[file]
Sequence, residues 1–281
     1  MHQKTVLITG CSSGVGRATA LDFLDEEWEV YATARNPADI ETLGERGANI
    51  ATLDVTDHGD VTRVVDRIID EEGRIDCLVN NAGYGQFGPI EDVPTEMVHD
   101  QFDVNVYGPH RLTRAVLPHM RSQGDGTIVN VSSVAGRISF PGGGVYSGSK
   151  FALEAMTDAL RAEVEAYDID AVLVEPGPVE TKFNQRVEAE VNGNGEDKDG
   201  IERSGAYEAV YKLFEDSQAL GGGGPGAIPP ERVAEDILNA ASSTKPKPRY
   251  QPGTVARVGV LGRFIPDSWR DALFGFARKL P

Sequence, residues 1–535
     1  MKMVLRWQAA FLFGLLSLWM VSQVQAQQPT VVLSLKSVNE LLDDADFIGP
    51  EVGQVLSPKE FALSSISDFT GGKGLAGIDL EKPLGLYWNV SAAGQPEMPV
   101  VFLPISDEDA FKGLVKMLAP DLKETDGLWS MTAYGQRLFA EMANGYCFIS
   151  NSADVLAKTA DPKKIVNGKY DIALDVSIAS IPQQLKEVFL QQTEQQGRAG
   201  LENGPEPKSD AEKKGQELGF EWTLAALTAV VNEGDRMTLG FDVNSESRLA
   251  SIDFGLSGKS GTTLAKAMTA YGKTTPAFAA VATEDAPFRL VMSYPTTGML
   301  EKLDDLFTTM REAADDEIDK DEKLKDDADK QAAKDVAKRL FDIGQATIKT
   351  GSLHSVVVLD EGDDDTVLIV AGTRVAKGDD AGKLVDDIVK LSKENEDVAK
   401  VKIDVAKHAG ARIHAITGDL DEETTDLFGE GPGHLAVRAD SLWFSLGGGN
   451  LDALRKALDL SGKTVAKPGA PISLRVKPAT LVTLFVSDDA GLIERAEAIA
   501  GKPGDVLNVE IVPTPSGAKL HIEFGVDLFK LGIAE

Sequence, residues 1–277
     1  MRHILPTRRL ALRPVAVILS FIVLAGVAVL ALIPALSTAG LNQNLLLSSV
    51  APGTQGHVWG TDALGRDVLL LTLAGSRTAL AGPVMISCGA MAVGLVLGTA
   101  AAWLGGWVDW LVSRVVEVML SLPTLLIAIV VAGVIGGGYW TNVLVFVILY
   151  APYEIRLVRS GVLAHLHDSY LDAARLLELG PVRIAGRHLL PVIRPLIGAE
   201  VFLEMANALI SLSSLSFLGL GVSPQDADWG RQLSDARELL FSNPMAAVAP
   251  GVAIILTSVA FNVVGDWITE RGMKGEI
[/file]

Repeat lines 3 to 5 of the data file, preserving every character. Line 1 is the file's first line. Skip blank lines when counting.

    51  ATLDVTDHGD VTRVVDRIID EEGRIDCLVN NAGYGQFGPI EDVPTEMVHD
   101  QFDVNVYGPH RLTRAVLPHM RSQGDGTIVN VSSVAGRISF PGGGVYSGSK
   151  FALEAMTDAL RAEVEAYDID AVLVEPGPVE TKFNQRVEAE VNGNGEDKDG